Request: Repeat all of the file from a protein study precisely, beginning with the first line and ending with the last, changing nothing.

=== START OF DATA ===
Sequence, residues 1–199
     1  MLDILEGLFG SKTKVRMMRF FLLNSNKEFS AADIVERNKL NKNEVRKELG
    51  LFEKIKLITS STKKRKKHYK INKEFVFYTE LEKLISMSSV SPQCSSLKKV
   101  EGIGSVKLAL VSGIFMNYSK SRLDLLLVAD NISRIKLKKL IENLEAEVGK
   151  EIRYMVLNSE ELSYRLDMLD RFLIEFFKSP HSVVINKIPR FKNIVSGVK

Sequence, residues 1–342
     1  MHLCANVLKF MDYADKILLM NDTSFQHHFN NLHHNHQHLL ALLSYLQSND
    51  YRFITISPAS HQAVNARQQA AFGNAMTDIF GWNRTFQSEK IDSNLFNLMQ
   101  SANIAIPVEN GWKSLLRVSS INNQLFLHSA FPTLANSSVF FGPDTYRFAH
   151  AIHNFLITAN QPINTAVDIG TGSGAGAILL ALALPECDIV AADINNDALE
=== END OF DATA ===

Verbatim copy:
Sequence, residues 1–199
     1  MLDILEGLFG SKTKVRMMRF FLLNSNKEFS AADIVERNKL NKNEVRKELG
    51  LFEKIKLITS STKKRKKHYK INKEFVFYTE LEKLISMSSV SPQCSSLKKV
   101  EGIGSVKLAL VSGIFMNYSK SRLDLLLVAD NISRIKLKKL IENLEAEVGK
   151  EIRYMVLNSE ELSYRLDMLD RFLIEFFKSP HSVVINKIPR FKNIVSGVK

Sequence, residues 1–342
     1  MHLCANVLKF MDYADKILLM NDTSFQHHFN NLHHNHQHLL ALLSYLQSND
    51  YRFITISPAS HQAVNARQQA AFGNAMTDIF GWNRTFQSEK IDSNLFNLMQ
   101  SANIAIPVEN GWKSLLRVSS INNQLFLHSA FPTLANSSVF FGPDTYRFAH
   151  AIHNFLITAN QPINTAVDIG TGSGAGAILL ALALPECDIV AADINNDALE